A court in Australia has given doctors permission to stop feeding a terminally-ill woman.
The 68-year-old, known as BWV, suffers from a rare form of dementia.
Her family says she should be allowed to die with dignity.
But right-to-life campaigners have said the decision handed down by the Victoria Supreme Court will place the lives of thousands of critically ill patients at risk.
This has been an immensely complicated ethical and legal issue.
After two days of submissions and a week of deliberation, Justice Stuart Morris has decided the artificial feeding of BWV can be stopped.
He said it was now up to those responsible for her care to decide to allow her to die with dignity.
The law states that terminally-ill patients can be refused medical treatment, but not palliative or temporary care.
The judge has ruled that feeding by tube is a medical procedure and therefore can be withdrawn.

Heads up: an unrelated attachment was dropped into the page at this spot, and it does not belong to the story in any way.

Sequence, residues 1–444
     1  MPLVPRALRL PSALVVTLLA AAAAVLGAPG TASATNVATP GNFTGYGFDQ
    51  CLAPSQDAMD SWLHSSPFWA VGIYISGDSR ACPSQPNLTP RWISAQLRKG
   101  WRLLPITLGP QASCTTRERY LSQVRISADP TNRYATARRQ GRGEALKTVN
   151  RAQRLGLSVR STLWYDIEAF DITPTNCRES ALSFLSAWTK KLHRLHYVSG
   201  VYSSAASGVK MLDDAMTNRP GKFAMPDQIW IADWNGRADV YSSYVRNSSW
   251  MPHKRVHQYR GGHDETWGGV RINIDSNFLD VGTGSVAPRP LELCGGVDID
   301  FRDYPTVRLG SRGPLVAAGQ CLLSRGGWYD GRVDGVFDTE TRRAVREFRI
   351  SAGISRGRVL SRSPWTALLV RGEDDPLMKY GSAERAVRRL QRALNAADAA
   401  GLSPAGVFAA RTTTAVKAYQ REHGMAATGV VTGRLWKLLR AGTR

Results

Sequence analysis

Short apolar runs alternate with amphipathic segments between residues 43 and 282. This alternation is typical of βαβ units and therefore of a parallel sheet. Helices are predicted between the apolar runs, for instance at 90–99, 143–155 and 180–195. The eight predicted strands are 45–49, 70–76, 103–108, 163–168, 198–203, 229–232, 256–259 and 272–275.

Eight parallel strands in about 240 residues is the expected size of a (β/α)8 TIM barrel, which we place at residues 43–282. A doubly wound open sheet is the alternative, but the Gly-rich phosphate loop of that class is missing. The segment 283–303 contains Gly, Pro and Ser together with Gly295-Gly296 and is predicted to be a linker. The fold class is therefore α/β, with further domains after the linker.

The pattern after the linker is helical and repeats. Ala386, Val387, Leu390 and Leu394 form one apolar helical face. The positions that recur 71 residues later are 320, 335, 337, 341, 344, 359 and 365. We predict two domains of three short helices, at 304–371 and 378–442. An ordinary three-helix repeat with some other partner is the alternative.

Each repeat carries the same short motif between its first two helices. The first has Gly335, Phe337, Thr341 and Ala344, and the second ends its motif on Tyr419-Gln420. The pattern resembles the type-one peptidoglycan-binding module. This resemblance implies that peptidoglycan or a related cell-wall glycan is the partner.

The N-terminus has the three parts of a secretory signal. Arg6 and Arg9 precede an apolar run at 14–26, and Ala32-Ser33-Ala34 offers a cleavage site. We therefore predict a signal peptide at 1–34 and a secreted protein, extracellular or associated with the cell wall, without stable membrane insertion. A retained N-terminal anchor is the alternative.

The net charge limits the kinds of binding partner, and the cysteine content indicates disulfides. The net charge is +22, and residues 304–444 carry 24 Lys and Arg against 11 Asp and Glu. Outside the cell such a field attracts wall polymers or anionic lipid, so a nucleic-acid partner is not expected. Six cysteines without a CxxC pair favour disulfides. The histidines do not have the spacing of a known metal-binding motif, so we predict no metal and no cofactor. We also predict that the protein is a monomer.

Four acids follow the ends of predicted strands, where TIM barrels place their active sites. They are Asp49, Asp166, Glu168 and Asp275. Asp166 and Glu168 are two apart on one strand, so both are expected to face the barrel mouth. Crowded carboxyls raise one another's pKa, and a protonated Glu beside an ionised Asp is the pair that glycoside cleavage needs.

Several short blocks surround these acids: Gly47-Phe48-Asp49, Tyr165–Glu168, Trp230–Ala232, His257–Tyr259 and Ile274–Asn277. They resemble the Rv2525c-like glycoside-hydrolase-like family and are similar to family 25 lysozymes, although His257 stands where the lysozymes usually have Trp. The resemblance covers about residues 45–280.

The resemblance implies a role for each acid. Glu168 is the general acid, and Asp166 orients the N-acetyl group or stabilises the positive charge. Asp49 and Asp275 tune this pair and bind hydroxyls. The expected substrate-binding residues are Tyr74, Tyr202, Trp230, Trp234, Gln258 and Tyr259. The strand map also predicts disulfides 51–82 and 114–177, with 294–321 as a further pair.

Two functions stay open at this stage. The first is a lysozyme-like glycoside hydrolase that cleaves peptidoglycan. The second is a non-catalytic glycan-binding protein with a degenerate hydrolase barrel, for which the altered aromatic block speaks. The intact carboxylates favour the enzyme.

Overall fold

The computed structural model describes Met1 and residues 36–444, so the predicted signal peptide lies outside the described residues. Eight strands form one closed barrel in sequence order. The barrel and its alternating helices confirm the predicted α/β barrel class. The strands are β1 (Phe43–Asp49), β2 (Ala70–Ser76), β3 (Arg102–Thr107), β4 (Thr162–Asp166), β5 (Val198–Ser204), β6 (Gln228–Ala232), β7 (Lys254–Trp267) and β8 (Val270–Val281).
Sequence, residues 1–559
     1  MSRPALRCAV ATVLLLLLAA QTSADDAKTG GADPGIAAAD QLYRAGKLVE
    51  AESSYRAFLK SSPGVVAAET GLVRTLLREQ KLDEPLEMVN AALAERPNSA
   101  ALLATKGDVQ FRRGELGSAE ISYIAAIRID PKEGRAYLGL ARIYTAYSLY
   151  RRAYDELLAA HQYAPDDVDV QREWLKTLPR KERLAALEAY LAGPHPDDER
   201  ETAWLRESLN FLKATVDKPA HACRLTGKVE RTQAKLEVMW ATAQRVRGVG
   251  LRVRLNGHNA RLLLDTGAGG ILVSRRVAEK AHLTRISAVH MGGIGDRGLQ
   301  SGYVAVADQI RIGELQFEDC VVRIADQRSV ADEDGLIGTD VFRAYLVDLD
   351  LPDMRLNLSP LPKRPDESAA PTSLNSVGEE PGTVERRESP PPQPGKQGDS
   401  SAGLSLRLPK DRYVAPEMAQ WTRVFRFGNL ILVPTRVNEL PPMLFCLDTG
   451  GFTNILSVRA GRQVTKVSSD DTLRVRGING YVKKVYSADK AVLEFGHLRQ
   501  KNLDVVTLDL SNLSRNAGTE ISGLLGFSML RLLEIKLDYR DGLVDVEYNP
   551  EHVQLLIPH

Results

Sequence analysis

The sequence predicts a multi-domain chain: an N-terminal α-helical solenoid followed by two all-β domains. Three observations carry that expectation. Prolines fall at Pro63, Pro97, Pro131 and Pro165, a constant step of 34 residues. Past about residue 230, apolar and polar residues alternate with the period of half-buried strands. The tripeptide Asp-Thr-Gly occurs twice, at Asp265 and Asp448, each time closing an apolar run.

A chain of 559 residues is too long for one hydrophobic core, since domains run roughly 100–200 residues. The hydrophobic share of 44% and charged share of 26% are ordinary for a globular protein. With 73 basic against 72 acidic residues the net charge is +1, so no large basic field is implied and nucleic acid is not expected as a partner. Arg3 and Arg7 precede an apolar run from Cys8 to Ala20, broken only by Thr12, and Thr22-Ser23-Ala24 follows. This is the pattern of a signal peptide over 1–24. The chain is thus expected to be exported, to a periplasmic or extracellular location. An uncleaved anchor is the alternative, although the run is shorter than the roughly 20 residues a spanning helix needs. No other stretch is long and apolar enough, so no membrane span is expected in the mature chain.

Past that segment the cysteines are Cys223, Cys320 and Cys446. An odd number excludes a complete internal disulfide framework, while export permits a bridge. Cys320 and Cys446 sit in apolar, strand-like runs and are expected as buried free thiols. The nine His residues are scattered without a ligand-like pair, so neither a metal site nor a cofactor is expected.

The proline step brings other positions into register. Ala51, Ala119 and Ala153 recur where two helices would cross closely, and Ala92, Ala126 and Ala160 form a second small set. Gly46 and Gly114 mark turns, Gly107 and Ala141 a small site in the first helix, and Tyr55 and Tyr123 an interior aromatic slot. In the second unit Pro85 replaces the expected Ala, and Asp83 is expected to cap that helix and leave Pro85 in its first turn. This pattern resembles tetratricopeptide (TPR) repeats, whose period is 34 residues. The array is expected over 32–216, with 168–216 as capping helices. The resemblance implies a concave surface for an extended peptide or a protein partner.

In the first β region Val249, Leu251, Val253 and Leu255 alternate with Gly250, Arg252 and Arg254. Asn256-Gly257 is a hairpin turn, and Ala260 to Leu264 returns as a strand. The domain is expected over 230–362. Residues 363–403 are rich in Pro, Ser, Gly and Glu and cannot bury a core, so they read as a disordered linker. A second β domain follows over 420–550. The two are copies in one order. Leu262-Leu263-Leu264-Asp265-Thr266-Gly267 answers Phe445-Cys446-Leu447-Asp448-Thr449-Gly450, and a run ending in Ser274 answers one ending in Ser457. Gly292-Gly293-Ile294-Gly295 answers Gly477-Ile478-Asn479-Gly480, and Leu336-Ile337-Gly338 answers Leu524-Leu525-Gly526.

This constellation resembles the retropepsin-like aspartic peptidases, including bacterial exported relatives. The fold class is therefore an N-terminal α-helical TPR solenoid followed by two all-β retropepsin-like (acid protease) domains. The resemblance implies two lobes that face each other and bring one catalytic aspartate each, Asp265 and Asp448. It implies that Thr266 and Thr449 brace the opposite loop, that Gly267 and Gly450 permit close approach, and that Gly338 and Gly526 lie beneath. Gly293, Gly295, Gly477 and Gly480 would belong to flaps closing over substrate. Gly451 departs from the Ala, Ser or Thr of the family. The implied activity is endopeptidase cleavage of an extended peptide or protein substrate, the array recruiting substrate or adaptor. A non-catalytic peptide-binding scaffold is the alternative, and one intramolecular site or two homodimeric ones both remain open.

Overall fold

This landmark decision could have wide-ranging implications.
The case will give medical professionals in Victoria legal certainty for the first time, that they are not breaking the law if they allow people to die by withdrawing artificial nutrition and hydration.
Close to zero
BWV's family had insisted it was always her wish to be allowed to die, should her condition worsen so dramatically.
The court was told the mother of six suffers from Pick's Disease.
It is an uncommon type of dementia that causes hallucinations, nightmares and body stiffness.
A witness in the case, a specialist in the treatment of geriatrics, said her quality of life was very close to zero.
The Catholic Church and other right-to-life groups have insisted the court's decision will create a dangerous precedent in the treatment of the terminally ill.
Campaigners have warned that the lives of thousands of patients could now be at risk.